Despite an October 2002  mandate to field a peacekeeping operation into the Central African Republic and a November 2002 mandate for Cote d'Iovire, the contingent providers have been reluctant to actually deploy their soldiers into the crises. One thing is certain, African countries will not be able to meet the requirements of a dangerous operation without Western support and training.

Caveats for those contributing militarily to the Less Able:

  • Where you have trained armies to intervene in their own neighborhoods, don't be surprised by foot-dragging and more calls for Western help.


*     *     *

Though they say they can, the More Able cannot truly deal with the Less Able on equal terms.  The uneven power dynamic we see within our own communities is still present, though greatly scaled up, in the international arena.  The old solution to this was to treat them as children: colonialism. The new solution is still to treat them as children--while loudly insisting on their 'equality.'

What, then, is the proper attitude to take when dealing with international partners who are far more impulsive, more aggressive, less conscientious, less commonweal-oriented, and less organized than others?  One could simply leave them to stand or fall alone. Even fervent anti-colonialists of the 19th century decried such a stance. J.A. Hobson (1905):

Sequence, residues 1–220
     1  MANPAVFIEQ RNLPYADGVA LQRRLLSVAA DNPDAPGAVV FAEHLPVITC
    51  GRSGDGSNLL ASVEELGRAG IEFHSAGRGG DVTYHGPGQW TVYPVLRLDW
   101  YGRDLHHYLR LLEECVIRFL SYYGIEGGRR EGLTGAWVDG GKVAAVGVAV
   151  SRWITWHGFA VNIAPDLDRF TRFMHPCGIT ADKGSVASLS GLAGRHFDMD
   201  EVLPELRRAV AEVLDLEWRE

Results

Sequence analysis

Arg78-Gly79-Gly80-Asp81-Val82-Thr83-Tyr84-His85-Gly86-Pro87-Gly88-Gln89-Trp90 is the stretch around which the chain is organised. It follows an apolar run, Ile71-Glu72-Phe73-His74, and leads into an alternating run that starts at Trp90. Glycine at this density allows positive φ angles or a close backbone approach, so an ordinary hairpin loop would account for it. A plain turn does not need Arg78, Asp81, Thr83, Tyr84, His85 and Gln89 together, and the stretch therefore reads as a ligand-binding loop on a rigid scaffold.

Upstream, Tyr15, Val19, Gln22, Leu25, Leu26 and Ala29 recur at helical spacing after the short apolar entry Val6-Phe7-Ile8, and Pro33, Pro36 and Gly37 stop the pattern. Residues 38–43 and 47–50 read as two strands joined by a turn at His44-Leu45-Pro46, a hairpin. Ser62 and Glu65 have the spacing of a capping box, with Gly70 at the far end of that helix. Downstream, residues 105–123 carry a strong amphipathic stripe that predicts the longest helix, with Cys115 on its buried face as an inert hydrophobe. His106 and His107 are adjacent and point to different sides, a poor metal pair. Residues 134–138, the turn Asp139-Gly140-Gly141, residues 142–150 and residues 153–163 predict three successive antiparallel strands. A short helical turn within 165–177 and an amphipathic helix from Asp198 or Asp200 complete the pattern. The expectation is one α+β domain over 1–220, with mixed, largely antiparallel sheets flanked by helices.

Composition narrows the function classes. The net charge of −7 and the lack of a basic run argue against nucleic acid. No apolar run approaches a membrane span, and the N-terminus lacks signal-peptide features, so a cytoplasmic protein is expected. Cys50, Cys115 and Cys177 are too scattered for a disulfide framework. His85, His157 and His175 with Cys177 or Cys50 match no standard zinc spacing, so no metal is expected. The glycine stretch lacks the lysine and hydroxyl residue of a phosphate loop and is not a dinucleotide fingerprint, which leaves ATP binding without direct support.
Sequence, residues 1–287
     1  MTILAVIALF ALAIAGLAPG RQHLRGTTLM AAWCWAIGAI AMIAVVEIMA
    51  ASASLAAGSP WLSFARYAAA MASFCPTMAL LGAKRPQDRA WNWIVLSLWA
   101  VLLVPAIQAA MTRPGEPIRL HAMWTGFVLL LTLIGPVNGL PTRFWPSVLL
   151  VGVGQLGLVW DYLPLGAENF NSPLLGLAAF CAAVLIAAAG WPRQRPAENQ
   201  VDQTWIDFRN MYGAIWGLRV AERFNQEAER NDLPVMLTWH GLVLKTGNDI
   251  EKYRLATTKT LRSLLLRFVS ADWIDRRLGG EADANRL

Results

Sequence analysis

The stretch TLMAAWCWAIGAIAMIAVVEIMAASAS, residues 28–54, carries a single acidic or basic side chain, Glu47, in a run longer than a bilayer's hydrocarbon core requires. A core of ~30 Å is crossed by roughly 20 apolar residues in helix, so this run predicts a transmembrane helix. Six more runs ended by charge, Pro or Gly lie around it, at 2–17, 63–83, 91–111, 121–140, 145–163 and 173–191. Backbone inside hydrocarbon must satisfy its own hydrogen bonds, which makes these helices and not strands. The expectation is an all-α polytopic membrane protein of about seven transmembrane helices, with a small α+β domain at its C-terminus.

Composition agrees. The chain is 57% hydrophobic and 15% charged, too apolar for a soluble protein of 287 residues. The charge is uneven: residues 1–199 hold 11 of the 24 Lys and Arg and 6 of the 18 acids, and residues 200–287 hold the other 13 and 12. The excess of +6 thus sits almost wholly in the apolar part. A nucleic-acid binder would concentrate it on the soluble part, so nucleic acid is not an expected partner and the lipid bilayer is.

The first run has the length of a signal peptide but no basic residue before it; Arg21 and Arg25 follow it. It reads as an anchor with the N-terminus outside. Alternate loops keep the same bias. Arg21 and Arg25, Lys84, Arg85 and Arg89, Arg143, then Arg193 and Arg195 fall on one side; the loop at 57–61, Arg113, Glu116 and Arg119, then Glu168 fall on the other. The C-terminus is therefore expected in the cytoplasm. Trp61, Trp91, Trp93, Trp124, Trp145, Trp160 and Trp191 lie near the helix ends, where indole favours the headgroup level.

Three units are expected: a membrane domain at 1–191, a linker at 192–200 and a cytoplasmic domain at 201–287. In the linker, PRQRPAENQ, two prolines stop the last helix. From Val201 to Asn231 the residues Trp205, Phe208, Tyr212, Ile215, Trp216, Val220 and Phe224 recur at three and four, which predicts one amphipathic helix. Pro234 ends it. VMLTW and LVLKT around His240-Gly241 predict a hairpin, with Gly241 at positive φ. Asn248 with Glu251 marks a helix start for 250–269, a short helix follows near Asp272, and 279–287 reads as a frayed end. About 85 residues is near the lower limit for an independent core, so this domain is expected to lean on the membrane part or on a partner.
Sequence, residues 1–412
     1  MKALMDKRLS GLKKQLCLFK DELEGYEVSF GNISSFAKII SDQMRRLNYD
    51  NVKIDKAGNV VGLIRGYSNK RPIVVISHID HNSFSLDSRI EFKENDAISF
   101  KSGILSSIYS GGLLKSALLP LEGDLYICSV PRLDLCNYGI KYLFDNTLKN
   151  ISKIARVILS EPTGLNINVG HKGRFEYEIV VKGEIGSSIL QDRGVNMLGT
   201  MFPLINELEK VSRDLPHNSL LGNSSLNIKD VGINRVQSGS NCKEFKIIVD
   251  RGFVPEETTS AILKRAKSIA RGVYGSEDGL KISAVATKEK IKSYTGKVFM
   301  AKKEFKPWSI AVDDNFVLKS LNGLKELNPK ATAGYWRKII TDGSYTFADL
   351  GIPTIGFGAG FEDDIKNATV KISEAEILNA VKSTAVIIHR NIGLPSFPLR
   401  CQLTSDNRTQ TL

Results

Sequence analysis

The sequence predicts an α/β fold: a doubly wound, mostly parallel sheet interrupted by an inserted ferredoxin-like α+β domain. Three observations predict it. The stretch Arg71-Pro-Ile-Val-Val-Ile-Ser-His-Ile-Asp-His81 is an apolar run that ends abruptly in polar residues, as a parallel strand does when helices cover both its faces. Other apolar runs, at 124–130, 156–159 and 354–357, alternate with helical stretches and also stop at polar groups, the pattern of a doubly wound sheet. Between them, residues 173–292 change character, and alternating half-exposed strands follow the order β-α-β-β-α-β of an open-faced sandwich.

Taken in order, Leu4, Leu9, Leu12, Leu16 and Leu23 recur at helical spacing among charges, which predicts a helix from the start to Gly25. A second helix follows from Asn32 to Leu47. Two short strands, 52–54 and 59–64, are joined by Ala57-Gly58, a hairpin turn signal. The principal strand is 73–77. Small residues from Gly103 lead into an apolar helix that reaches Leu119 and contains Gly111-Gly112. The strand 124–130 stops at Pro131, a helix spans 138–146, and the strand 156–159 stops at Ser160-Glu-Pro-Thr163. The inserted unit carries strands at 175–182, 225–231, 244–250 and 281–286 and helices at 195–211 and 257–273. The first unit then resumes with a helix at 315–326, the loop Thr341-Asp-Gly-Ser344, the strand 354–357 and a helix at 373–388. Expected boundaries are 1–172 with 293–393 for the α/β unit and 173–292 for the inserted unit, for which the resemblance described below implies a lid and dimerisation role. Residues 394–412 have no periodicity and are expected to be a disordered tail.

If organised Governments of civilised Powers refused the task [of colonialism], they would let loose a horde of private adventurers, slavers, piratical traders, treasure hunters, concession mongers, who, animated by mere greed of gold or power, would set about the work of exploitation under no public control and with no regard to the future; playing havoc with the political, economic, and moral institutions of the peoples, instilling civilised vices and civilised diseases, importing spirits and firearms as the trade of readiest acceptance, fostering internecine strife for their own political and industrial purposes, and even setting up private despotisms sustained by organised armed forces.  (1)

We may keep up the kindly fiction that these are states capable of first-world governance. Or we may come back to an older, more honest appraisal: that some peoples are Less Able than others, and that simple noblesse oblige compels the More Able to lend them a hand.  Were such a notion to (re-)hit the mainstream, we argue that international policy towards the tropics would in all likelihood continue to look very much as it does today.


(1) Hobson, J.A. Imperialism: A Study. London: Allen & Unwin, 1905. 


Mr. Rational said...

Chinese ingerence

I find no definition for "ingerent" in the dictionaries I've checked.

Janet said...

Very interesting. I enjoyed reading. I am not educated in this subject and am grateful for this information.

M.G. said...

Mr. Rational--

It appears I had a French-English (Frenglish?) brain backfire, I do apologize. It's been fixed.